S ource: Business Week
Finance officials from South America and Mexico will gather next month to discuss ways to protect their currencies and economies from the debt crisis in the U.S. and Europe.
The meeting of finance ministers from the Union of South American Nations, to take place Aug. 10-11 in Buenos Aires, was organized at the urging of Colombian President Juan Manuel Santos. The gathering will allow governments to coordinate action to deal with shared problems including “speculative” capital inflows that are fueling a rally in their currencies, Santos said at a July 28 summit of regional leaders.
“Latin America is sitting on $700 billion in reserves that are losing their value because of the crisis we’re going through with the impasse in the U.S. Congress over the debt ceiling,” Santos said in Lima, Peru at a summit of the 12-nation bloc, known as Unasur. “This is affecting us and we can’t continue as mere spectators.”
Policy makers in Latin America are trying to curb gains in their currencies, which hurt the competitiveness of their exports, and fight inflation after near-zero borrowing costs in advanced economies such as the U.S. and Japan spurred demand for higher-yielding assets in emerging markets.
This week, Brazil imposed a 1 percent tax on bets against the dollar in the country’s derivatives market after the real reached the highest level since the country abandoned its peg to the greenback in 1999.
Since last year, policy makers in Latin America’s biggest economy also tripled a tax on foreigners’ purchase of bonds and raised levies on foreign borrowing.
Policy makers in Colombia and Chile, while so far avoiding similar capital controls, have each stepped up daily dollar purchases in their local spot currency markets.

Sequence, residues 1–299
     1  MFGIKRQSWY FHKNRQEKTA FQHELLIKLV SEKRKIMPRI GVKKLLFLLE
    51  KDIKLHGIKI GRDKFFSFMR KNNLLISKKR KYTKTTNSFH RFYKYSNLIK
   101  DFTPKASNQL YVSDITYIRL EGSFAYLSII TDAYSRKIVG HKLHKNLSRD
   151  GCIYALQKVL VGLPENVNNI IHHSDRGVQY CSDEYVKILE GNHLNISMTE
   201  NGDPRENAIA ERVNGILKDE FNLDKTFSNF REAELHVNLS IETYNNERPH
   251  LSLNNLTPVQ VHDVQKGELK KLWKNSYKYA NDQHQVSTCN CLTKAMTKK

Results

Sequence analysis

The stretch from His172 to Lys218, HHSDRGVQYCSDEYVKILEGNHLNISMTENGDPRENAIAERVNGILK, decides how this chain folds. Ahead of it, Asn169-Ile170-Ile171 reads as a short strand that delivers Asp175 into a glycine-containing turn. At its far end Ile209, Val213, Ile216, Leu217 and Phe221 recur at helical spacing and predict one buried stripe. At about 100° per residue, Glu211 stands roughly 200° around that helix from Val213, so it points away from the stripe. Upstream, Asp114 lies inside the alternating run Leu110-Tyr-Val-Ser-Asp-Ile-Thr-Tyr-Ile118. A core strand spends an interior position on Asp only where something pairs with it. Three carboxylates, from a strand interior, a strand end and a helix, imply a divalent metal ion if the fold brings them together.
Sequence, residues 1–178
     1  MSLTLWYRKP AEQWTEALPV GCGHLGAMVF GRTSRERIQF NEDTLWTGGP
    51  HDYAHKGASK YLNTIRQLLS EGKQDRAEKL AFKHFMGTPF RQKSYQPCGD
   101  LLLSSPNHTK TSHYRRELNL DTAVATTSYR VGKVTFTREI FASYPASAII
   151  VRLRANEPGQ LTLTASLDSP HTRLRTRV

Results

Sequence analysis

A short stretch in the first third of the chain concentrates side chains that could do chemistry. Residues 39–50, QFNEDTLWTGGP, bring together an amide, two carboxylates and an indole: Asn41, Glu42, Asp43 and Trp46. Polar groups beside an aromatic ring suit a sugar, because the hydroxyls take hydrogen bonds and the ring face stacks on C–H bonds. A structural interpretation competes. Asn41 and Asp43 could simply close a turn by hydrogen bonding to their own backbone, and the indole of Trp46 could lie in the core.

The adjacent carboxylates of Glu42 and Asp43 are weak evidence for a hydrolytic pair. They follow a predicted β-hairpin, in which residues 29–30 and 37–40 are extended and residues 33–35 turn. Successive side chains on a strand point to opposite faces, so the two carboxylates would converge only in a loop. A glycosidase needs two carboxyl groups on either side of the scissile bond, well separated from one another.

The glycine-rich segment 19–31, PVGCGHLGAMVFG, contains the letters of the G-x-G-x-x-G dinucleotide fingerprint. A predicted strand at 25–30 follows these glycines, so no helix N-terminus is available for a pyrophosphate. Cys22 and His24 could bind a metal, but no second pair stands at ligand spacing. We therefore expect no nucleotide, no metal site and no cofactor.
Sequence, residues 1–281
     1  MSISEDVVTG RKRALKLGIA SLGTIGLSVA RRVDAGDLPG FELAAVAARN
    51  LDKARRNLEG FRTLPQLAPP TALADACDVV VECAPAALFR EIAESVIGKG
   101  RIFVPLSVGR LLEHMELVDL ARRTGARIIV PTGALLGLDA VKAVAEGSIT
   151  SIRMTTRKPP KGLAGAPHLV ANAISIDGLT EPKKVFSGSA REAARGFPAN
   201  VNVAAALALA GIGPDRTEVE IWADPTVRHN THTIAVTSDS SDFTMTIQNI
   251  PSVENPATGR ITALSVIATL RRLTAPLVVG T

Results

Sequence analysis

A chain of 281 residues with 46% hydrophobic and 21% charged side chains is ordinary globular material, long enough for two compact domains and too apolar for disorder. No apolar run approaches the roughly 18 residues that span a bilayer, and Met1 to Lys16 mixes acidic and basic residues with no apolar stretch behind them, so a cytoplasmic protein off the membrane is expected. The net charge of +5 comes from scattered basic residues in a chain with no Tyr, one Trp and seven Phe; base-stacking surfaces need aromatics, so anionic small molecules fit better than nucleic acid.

The region’s currencies are among the best-performing in the world over the past two years, with the Brazilian real surging 22 percent, the Chilean peso gaining 19 percent and the Colombian peso up 17 percent.
The International Monetary Fund said in June that it expects Latin America and Caribbean economies to grow an average 4.6 percent this year and 4.1 percent next year, after nations including Peru and Brazil expanded at their fastest pace in two decades in 2010.
Argentine President Cristina Fernandez de Kirchner hailed the summit in Lima, saying regional leaders need to be more proactive about addressing common challenges.
“It wasn’t only a routine meeting of Unasur,” Fernandez said yesterday in Brasilia, alongside her Brazilian counterpart, Dilma Rousseff. “For the first time we looked collectively at the problems and how they are affecting our region, like speculative capital inflows that tend to strengthen our currencies.”
Santos said Unasur leaders agreed to invite officials from Mexico to attend the meeting in Buenos Aires, given that the country is a member of the Group of 20 richest nations along with Argentina and Brazil.
–With assistance from Heather Walsh in Bogota, Carla Simoes in Brasilia. Editors: Harry Maurer, Robert Jameson